Also you can still get DVDs from the library.

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  1. M.L. James

    Chris, What I miss most is the sound of the eight-track tape clicking in the middle of a song. Talk about coasters! 🙂

    1. Christopher Waldrop (Post author)

      Mona, I can barely remember the sound of an eight-track tape clicking, but I do remember regular cassettes wearing out and breaking from being played too much. Technically it was possible, with a lot of dexterity and a very small piece of tape, to fix a broken cassette reel. There’s another downside of new technology: you can’t DIY a streaming service.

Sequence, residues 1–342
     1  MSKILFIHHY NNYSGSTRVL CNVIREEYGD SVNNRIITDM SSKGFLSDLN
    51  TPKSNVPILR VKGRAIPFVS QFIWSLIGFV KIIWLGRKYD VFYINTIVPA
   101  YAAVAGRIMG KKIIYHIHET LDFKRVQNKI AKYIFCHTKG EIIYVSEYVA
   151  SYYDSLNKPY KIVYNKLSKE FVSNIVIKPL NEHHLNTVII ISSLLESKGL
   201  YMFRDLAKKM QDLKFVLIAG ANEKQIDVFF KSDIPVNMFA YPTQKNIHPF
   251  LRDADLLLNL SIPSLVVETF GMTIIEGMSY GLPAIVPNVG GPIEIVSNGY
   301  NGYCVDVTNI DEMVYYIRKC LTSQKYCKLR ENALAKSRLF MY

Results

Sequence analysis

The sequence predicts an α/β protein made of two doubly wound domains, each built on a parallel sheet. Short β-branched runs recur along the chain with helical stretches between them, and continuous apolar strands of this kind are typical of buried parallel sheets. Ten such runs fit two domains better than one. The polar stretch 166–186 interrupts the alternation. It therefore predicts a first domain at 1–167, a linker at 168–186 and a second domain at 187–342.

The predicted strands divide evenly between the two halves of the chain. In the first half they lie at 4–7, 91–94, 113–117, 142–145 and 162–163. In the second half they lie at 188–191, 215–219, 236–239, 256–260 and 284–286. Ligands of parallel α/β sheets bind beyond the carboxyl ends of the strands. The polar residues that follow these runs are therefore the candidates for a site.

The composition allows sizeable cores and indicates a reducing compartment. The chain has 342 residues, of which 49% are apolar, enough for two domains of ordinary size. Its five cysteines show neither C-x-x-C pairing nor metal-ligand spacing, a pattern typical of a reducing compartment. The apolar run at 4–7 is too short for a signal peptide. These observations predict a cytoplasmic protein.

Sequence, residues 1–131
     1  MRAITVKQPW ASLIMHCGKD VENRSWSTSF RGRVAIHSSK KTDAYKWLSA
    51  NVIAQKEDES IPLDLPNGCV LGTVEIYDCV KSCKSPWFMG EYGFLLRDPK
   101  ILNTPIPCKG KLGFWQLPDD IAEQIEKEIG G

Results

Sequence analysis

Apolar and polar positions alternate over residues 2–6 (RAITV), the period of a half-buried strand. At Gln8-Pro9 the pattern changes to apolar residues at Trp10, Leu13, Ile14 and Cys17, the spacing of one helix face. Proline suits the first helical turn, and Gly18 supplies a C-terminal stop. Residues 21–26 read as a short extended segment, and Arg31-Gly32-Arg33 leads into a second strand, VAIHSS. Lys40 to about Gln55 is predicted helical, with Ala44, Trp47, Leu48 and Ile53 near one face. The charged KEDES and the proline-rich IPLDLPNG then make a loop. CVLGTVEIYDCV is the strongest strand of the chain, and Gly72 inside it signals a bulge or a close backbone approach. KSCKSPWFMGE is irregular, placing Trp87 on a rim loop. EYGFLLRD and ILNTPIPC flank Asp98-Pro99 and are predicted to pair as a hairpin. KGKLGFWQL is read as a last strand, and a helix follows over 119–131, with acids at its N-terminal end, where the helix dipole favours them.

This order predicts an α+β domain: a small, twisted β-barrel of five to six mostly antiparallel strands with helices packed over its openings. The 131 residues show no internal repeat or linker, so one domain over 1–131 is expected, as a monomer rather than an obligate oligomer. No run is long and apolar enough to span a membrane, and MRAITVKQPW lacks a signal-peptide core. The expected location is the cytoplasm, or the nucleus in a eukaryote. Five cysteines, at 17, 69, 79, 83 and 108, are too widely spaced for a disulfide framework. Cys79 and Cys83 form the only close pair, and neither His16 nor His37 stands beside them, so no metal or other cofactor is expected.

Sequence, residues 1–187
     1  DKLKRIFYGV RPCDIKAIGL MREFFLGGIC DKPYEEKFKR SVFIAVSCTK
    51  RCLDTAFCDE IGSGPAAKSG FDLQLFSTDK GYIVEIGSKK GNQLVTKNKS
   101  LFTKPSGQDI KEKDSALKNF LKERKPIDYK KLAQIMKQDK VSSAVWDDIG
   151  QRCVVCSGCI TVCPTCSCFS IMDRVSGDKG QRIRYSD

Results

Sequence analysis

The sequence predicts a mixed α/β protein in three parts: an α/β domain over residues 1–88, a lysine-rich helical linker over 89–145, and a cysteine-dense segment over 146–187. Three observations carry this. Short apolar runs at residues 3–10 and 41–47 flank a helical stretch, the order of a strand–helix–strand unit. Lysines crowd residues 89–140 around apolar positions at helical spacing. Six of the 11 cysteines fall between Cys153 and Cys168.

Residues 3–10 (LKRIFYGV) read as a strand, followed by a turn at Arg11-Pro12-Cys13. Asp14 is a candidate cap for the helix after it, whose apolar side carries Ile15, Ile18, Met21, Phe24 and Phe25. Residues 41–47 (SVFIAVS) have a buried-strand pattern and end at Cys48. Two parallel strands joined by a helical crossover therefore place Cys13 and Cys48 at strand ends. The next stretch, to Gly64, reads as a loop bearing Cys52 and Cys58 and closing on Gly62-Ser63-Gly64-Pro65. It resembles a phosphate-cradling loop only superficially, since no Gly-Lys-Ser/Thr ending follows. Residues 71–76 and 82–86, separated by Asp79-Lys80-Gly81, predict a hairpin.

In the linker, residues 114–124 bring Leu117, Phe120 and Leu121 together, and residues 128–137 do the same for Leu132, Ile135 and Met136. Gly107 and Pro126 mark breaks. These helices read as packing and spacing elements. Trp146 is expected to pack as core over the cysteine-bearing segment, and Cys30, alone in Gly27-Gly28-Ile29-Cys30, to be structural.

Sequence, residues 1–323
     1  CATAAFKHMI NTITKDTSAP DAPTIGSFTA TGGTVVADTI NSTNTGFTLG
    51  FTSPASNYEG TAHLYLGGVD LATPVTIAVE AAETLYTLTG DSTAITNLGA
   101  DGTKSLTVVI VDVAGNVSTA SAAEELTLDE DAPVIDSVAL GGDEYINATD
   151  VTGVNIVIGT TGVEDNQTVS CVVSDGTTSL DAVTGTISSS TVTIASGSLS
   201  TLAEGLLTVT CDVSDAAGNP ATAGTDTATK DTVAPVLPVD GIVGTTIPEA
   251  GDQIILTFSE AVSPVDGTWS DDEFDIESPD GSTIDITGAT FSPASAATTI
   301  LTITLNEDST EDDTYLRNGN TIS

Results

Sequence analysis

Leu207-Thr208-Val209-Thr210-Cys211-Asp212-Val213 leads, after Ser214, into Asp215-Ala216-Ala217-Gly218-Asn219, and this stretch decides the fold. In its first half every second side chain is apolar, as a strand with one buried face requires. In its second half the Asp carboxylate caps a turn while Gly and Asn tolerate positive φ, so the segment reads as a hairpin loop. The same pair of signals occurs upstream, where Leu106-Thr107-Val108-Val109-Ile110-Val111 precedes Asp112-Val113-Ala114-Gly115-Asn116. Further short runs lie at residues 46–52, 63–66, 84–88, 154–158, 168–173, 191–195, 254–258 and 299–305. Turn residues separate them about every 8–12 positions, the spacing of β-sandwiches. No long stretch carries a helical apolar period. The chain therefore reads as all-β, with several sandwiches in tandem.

Thanks for creating this archive for us, Chris. Sometimes I think about how it’s not so much the delivery system as the value of what is being delivered. I’m glad I can still enjoy my favorite movies, my favorite movies, and my favorite blog posts.

    1. Christopher Waldrop (Post author)

      Valuing the quality of what’s being delivered more than the delivery system really is a smart way to think of it. To bring up the example of Hesse’s Steppenwolf again I think he wasn’t just bothered by the quality of music that radio and gramophones delivered but also how they were a technological novelty that too many people embraced because they were so new and so different. It’s important to look past the superficial and remember that the message is more important than the medium.


      I meant favorite movies, music, and blog posts, but I’m sure you got that.